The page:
The omicron BA.5 subvariant of the coronavirus dominates the number of infections in the United States. What you need to know about the new common symptoms of COVID-19, vaccine side effects, cases and more.

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There are over 97 million people in the United States gave a positive result for the coronavirus since the start of the pandemic as of Friday, October 28, according to Johns Hopkins University.

In addition, more than 1 million people died in the United States. Worldwide, there have been more than 629 million confirmed cases of COVID-19 and more than 6.5 million people have died.

About 226 million people in the US completed the main series of vaccines (two doses) as of Oct. 28 — 68.2% of the population — and more than 111 million of them have received their first booster, according to the Centers for Disease Control and Prevention.

About 19% of people in the country live in a place where Community levels of COVID-19 are considered medium and high, the agency reports as of October 28. Masks are recommended in high-level regions.

According to the CDC, about 81% of Americans live where the level of COVID-19 is considered low.

The omicron BA.5 subvariant The U.S. dominated cases in the week ending Oct. 22, accounting for 62.2% of COVID-19 cases, agency estimates show.

Here’s what happened from October 23 to 28.

Most common symptoms of COVID have changed, study says. That’s what they are

The study found that the most commonly reported symptoms of COVID-19 in recent weeks have changed since the coronavirus began spreading around the world.

According to the Zoe Health Study, an ongoing research project in the UK that tracks the virus through the COVID Symptoms Tracker program, core symptoms were largely similar regardless of vaccination status. Participants self-report their COVID-19 experiences using the app.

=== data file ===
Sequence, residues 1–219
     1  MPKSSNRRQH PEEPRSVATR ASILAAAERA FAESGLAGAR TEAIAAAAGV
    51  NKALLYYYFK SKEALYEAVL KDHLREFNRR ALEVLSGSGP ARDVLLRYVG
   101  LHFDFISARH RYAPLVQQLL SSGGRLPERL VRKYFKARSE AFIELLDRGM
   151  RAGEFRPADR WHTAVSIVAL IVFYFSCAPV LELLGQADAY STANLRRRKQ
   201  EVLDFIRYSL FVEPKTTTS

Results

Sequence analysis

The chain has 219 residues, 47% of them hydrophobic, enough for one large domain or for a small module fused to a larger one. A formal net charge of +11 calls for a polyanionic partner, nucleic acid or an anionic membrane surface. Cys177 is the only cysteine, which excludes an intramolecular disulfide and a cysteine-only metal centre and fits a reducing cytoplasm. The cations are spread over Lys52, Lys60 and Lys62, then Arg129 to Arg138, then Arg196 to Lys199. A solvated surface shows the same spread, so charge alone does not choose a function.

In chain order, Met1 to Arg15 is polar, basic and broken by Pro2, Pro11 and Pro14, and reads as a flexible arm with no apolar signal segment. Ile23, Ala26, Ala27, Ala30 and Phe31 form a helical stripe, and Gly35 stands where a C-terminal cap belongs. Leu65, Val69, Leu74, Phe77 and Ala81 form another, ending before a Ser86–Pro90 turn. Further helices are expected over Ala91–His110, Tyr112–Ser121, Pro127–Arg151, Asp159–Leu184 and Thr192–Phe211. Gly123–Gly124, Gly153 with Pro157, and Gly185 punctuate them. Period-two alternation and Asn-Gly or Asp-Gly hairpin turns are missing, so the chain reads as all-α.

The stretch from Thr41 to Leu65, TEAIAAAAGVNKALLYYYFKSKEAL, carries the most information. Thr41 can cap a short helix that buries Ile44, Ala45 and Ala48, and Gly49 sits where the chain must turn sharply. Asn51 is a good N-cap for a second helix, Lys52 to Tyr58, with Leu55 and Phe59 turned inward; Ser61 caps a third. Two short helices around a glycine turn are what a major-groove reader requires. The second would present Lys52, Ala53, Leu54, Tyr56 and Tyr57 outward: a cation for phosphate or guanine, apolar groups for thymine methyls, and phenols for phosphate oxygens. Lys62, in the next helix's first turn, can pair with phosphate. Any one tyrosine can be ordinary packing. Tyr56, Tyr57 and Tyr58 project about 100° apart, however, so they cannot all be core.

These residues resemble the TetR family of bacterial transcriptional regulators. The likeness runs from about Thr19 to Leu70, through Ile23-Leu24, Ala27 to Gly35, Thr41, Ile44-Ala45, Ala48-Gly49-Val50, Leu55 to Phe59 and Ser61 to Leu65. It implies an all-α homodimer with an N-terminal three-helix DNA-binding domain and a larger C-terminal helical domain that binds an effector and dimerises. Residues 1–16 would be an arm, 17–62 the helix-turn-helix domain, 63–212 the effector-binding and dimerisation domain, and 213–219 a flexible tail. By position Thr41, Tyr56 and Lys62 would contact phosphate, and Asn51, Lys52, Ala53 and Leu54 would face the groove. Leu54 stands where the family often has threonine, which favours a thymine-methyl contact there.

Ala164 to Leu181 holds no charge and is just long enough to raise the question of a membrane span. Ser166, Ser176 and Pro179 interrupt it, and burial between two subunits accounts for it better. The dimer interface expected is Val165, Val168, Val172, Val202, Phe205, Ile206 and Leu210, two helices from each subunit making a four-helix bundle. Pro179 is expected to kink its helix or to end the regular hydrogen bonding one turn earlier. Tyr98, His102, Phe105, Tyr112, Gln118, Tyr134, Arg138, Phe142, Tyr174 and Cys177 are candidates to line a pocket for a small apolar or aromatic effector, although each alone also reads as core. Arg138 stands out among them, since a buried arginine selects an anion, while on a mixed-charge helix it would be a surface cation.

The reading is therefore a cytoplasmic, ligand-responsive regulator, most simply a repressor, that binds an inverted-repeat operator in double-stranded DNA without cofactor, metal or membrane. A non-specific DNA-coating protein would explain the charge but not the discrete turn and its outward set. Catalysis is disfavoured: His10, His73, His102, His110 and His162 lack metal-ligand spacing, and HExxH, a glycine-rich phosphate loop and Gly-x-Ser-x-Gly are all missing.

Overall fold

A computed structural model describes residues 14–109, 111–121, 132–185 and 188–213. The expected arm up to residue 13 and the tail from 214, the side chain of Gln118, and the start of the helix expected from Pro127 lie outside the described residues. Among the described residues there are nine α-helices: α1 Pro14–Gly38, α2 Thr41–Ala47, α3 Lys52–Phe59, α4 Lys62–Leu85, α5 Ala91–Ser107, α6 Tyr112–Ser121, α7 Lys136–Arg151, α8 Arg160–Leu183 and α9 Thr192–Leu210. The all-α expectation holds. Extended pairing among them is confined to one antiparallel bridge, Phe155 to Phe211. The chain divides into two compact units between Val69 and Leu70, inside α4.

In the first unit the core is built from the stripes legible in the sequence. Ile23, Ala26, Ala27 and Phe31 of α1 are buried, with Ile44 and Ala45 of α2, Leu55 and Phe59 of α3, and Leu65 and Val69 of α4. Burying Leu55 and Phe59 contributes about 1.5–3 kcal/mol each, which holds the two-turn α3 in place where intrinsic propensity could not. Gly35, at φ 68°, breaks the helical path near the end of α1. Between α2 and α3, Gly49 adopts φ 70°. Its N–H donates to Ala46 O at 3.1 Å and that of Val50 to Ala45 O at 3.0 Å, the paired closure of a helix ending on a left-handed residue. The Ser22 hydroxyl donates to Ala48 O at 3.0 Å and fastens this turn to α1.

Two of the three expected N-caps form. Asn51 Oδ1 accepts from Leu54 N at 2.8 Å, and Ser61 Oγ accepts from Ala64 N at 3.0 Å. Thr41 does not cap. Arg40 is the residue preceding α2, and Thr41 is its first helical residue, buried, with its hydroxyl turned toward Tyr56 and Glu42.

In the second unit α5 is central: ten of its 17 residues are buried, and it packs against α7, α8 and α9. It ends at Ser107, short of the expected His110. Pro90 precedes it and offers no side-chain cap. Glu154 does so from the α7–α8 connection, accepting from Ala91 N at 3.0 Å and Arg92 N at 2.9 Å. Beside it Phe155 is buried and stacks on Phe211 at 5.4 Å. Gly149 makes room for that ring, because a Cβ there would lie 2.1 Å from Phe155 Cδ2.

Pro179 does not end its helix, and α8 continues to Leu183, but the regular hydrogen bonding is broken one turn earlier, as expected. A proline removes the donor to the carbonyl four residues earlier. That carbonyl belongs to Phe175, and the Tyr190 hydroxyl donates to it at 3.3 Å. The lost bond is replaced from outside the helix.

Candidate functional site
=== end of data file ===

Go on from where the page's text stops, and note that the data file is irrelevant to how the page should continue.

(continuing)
The latest study list, published on October 20, highlights how “previously recorded symptoms change with the development of virus variants,” the report said.

According to the study, four of the five main symptoms of COVID-19 were the same in participants who received two doses of the vaccine, one dose of the vaccine, and those who were not vaccinated. Such symptoms were headache, constant cough, sore throat and runny nose.

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Research shows that feeling sick after getting a COVID shot is a good sign. That’s what it means

There’s no need to worry if you’re feeling sick after a COVID-19 vaccine — it’s actually a good sign, according to a new study.

The study, published Oct. 21 in the journal JAMA Network Open, shows that post-vaccination symptoms — including chills, fatigue, fever, headache, muscle aches, nausea and vomiting — mean the body has a stronger immune response.

However, having few or no symptoms after being vaccinated against COVID-19 does not mean the vaccine did not work, according to the study.

Here’s what you need to know.

Of 928 older adults who received two doses of either Pfizer or Moderna’s mRNA vaccine, those who reported symptoms after vaccination had a greater antibody response compared with participants who reported only local symptoms, meaning pain or a rash at the site of the injection. ections, or no symptoms at all, the study found. The average age of the participants was 65 years.